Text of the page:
The disparity in health between adults of color and White persons in the US, particularly apparent in the course of the coronavirus 2019 (COVID-19) pandemic, has persisted and increased in the 20-year period since major Congressional funding was allocated to address and reduce it, according to a study of multiple health indicators in minority groups.
“Our findings add to the literature documenting that policy choices have not resulted in the sought after reductions in Black-White health disparities in the United States,” declared Michelle Odlum, EdD, MPH, assistant professor of Nursing, Columbia University School of Nursing, and colleagues.
In 1999, Congress charged the Institute of Medicine (currently the National Academy of Medicine) to systematically assess US health inequities and prepare policy statements to address their findings.
In the period of 2000-2019, $35 billion in federal funds were allocated to this effort which, the investigators note, dwarfed the $12 million that had been marked for this purpose in the preceding 15 years.
The funds were targeted more for researching the problem than for direct intervention, however—serving to support over 16,000 research projects on racial/ethnic health disparities.
“Several possible reasons (for continued disparities) include the fact that the National Academy of Medicine projects were funded primarily to assess the consequences of health disparities and to draft policy statements,” Odlum and colleagues observed. “Interventions were less emphasized.”
The investigators undertook what they characterize as “among the first and largest studies” to quantify multiple indicators of health in the Black and Hispanic populations over time and compare these in the White population.
The study used a repeated cross-sectional study design with anonymized, nationally representative data from the Behavioral Risk Factor Surveillance System (BRFSS). The studied period of 1999-2018 followed the Minority Health and Health Disparities Research and Education Act of 2000.
The age of the studied population of 4,856,326 individuals (60.9% women) was 45 years or older, the investigators explained, to capture the chronic diseases which typically emerge in middle age after long-term exposure to harmful behavioral, genetic environmental, and/or low socioeconomic conditions.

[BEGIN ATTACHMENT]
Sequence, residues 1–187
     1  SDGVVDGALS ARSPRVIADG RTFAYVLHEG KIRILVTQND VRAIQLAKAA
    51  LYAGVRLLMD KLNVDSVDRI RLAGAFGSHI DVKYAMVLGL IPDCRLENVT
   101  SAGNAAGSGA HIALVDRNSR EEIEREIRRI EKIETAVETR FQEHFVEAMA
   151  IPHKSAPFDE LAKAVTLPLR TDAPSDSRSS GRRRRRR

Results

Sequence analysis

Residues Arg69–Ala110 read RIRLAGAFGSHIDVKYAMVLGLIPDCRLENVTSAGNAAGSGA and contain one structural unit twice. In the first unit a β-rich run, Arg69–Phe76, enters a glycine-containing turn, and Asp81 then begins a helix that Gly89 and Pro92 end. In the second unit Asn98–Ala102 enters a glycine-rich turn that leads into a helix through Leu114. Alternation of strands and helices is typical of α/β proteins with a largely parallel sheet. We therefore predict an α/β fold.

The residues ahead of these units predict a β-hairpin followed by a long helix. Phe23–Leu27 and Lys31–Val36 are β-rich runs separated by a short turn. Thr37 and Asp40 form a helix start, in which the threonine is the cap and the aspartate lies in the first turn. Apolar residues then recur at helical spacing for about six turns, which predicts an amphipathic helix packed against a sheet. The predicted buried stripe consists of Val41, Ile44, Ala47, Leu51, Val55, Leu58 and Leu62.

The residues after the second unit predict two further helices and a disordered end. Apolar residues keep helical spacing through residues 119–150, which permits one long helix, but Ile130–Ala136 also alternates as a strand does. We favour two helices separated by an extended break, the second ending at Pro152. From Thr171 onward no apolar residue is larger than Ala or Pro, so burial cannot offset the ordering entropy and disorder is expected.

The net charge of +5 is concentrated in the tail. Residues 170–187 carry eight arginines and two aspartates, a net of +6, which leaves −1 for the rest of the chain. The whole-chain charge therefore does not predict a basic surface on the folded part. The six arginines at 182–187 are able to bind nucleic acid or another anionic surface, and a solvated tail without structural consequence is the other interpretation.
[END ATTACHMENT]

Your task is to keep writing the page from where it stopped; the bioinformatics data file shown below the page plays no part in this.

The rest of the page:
The investigators reported that over the 2 decades, Black adults had an overall improvement in uninsured status, but an overall deterioration in rates of hypertension, diabetes, asthma, and stroke. The gap between Black and White populations was reduced with improvements in the Black population in the categories of being uninsured and in physical inactivity, but the gap widened with higher rates in the Black population of diabetes, hypertension, coronary heart disease and asthma.
Hispanic adults showed improvements in physical inactivity and perceived poor health, but had overall deterioration in hypertension and diabetes. In comparison to the White population, the gap was reduced for Hispanic adults in coronary heart disease, stroke, kidney disease, asthma, arthritis, depression, and physical inactivity. There was a widening of the gap, however, in more Hispanic adults having diabetes, hypertension and more without insurance.
Odlum and colleagues characterize the patterns of poor health in Hispanic adults as “complicated.” Relative to Black adults, the Hispanic population showed worsening patterns in diabetes prevalence; but in contrast to Black adults, Hispanic adults showed lower prevalence in hypertension and stoke, and the lowest prevalence of COPD.
The Hispanic population also showed trend patterns of gradually eliminating the disparities between their White peers in most indicators of poor health.
Odlum and colleagues pointed out that several of the chronic diseases that showed the worst trends were eligible for screening through ACA policies, “suggesting that promoting screening alone will be insufficient to reduce disparities.” They remarked that progress can be challenging and slow, but encouraged researchers to look to the successes achieved in such areas as physical inactivity and in arthritis.
“Researchers and policy makers should continue to propose targeted, culturally sensitive, multilevel interventions that can be widely implemented and sustained,” they advised.
The study, “Trends in Poor Health Indicators Among Black and Hispanic Middle-aged and Older Adults in the United States, 1999-2018” was published online in JAMA Network Open.